If you want to visit shopping centers, go to Palmares in Chacras de Coria. It is very nice. And, of course, you should not miss a visit to Las Leñas. Andesmar Turismo has a tour that leaves Mendoza on Friday night about 11pm, arrives at 7 in the morning, comes back at 5pm and arrives at midnight on Saturday. This tour costs some 27 dollars. Last year the ski season in Las Leñas continued well into the summer, because there was a lot of snow. It is likely that this year the ski season will also continue, but check that out with your travel agency. From San Rafael you have local tours to Las Leñas, to the Atuel Canyon, to the Manzano Histórico (Tunuyán, another very nice area). The Galileo Vitale dam is nearby, and as a matter of fact there are a number of dams in this area (including Los Reyunos), where there are good fishing possibilities. You can also go by bus from Mendoza to Uspallata and to Tunuyán or Tupungato, three very nice areas, walk along the villages, and in the case of Tunuyan, even take a taxi to the Manzano Histórico (the historical apple tree) where it is said that General San Martin rested on his way over to Chile, and where there is good trout fishing. I should add that there is a bus service from Uspallata to Barreal (San Juan), near where there are two modern astronomic observatories. But you need to check out visiting timetables at the Barreal tourist board offices. That is also the area where Marlboro runs its wind-driven vehicle races. There is a natural clay racing track about 30 miles long, that seems to be in better shape than many paved highways.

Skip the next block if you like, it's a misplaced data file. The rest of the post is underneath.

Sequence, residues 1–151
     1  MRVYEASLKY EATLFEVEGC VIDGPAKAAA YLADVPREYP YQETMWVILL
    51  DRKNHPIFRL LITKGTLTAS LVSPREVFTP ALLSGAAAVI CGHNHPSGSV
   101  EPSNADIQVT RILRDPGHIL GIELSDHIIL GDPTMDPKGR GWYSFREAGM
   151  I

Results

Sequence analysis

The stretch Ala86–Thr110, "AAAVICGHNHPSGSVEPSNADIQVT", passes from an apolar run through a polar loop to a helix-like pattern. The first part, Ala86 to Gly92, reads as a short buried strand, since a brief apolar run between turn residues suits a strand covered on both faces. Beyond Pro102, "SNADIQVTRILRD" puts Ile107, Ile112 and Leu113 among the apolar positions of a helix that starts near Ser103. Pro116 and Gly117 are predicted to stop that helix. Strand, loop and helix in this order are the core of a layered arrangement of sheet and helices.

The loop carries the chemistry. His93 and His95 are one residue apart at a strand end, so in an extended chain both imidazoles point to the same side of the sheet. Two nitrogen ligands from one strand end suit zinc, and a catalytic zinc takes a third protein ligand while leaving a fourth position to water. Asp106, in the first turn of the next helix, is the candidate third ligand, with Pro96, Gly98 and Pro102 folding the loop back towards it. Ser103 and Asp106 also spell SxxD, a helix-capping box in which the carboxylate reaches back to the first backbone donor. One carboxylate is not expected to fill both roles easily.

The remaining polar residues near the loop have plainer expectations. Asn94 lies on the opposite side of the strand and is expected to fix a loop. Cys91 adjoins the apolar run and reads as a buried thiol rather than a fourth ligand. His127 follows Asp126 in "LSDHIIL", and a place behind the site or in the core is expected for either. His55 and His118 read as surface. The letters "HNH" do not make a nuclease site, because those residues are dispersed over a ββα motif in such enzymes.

Robert Raymond Ingledew
Villa Carlos Paz (Cordoba), Argentina